There’s tons of ways to try to do this. I’ll just list a few that I’ve heard but if you know more please let us all know in the comments below!

    • Don’t go grocery shopping when hungry – Some say we’re more likely to purchase more food when we get groceries hungry.
    • Make a list – This applies to goods and groceries. Make a list for what you’re going to get and stick to it.
    • Don’t shop for entertainment – Find something cheaper to entertain your time. The more you think about spending money the more likely you will. IF you’re going to look at anything, look for coupons for your necessities. That way you’ll save money when you do need to spend your money.
    • Calculate the items “time value” – When you’re looking at buying something think about how many hours or days it will take for you to earn it at work.  Is that worth your time? Try to work those hours first and see if you still want it.
    • Impose a 24-hour rule – If you’re looking at buying something wait 24 hours to see if you still think you want/need it. Chances are you’ll be thinking about something else and forget all about that super cool thingamajig or whatchamacallit.

Hopefully these 3 quick financial resolutions will help you start your 2017 off to a great year! Keep disciplined with your savings and keep moving towards your financial goals.

 

5 comments

  • Great resolutions Stephen! One thing I would add, especially for your second suggestion, would be to look back at the past year on where you spent the bulk of your money. You need to find out where you’re spending your money to make the necessary changes. My fiancee and I did this, and we were spending more than $1000 every month on groceries, eating out and booze. We hope to do better in 2017. All the best this year!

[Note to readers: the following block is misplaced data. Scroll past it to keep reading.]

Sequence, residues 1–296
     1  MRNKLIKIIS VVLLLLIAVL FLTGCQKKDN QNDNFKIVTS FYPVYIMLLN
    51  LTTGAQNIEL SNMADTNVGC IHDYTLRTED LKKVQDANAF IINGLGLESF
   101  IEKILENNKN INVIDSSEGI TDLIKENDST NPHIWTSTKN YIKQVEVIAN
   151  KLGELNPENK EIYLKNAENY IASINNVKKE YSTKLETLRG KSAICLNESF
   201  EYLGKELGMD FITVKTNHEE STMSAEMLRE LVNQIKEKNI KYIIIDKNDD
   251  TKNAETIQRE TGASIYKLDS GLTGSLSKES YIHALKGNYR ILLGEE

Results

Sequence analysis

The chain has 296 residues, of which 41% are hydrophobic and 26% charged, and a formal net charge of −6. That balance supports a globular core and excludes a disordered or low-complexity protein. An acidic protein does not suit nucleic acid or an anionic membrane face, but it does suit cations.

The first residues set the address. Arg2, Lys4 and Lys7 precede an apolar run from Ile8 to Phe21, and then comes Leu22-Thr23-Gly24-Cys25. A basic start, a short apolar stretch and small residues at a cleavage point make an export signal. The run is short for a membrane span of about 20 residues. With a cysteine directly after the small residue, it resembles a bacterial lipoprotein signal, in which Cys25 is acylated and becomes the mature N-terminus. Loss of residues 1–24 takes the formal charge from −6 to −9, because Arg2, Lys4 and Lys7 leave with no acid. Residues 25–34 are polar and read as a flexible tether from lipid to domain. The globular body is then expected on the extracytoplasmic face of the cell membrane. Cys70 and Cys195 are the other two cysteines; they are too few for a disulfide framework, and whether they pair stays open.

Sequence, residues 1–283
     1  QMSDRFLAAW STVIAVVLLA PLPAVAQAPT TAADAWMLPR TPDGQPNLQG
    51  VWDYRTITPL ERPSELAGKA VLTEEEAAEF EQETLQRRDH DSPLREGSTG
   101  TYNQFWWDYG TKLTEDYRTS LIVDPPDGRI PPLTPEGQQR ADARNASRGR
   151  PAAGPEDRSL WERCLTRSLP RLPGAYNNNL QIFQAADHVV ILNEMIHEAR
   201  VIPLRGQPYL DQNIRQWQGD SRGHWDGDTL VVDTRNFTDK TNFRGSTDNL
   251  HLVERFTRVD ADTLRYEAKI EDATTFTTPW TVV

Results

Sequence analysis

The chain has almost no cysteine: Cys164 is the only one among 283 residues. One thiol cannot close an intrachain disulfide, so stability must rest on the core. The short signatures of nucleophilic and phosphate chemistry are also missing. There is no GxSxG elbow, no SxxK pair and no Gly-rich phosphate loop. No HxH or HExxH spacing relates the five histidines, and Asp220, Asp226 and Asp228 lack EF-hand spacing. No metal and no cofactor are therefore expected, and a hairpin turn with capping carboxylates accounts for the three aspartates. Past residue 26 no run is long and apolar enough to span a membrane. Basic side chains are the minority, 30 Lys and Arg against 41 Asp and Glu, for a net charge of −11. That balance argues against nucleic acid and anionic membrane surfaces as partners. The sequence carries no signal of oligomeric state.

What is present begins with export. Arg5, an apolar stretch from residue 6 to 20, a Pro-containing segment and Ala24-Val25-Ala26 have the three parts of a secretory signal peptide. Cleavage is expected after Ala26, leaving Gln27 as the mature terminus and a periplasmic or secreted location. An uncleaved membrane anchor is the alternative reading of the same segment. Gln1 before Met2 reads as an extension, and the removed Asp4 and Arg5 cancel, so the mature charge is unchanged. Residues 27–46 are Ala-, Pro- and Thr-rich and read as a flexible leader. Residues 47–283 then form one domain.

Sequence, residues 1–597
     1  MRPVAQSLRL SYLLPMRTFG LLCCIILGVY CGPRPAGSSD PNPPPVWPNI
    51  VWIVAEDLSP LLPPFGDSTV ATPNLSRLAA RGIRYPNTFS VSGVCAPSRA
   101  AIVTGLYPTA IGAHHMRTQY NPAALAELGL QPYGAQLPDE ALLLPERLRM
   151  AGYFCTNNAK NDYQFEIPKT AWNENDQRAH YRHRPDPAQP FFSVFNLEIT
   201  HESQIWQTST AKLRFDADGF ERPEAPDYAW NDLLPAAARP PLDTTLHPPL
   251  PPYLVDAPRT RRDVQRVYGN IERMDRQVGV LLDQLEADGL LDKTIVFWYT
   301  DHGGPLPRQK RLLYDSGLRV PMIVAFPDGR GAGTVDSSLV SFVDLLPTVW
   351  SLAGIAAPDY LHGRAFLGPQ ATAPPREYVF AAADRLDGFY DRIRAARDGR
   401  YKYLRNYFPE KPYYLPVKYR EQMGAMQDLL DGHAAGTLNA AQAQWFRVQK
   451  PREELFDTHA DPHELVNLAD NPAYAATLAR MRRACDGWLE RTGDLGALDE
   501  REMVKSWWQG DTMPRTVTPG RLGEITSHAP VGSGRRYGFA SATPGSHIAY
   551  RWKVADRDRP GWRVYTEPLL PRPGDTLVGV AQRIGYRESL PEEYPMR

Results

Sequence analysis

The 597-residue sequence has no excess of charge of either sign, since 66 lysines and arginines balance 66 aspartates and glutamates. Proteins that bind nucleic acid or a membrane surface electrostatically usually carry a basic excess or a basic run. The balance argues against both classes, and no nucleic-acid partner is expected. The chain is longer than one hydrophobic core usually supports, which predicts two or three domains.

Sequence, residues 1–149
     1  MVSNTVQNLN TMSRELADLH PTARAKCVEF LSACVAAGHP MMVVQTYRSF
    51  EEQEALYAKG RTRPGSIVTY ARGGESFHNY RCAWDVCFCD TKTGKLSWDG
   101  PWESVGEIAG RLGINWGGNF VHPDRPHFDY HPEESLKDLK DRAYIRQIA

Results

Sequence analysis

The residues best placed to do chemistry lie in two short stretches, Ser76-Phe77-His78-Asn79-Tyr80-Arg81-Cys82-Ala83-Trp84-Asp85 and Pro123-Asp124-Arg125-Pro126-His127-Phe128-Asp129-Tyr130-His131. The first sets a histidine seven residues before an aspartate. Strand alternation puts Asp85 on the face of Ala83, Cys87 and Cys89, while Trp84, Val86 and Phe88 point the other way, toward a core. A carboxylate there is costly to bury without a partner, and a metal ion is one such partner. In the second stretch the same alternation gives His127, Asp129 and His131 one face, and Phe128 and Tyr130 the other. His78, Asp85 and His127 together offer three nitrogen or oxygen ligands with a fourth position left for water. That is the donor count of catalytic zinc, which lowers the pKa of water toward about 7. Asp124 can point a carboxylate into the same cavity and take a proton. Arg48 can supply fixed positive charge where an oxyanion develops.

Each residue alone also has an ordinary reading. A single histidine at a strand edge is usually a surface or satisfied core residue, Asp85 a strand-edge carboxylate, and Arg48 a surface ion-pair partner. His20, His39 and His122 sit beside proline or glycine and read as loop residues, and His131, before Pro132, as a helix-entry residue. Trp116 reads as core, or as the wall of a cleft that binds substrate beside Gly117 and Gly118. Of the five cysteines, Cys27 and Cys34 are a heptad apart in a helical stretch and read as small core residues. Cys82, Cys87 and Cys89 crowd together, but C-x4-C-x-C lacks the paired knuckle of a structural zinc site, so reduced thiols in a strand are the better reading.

• Definitely a great point! You’ll definitely want to look where you’re spending all your money to see where you can cut down to meet your future goals. Booze and eating out is definitely one of my biggest wastes too. New years alone was close to $300 for a nice meal for two and some drinks. Luckily we’ve decided to cut back until Valentine’s day. No booze, no eating for 6 weeks.
      Stephen recently posted…3 simple financial resolutions you need to startMy Profile

  • Happy New Year Stephen, excellent resolutions!

    I cleared my credit card debt late last year and have hidden the card away so I don’t have access to it unless I have an emergency.

    One of my focuses for 2017 is similar to your resolution #3.

    I keep my finances divided across two accounts, the bulk in a savings account that isn’t easy for me to access. I keep the funds available on one card low so that I have to consciously think about the purchase I am about to make and whether it will fit into my financial planning.

    Best wishes for 2017.

  • One thing that I do is keep track of all my spending down to the last penny. Then every couple of months I analyze it and see where I am doing well and where I need to get better with. Doing this helps me to cut back and save money. Great information, thanks for sharing!

  • Yes, it almost covers every aspects about how to save money. Debts are our enemies if we want to save some money because of high interest. Some of my friends bought cars by loans. They have to pay interest every month. Then they applied loans for houses again. Every month, they pay interest with their salary after buying necessities.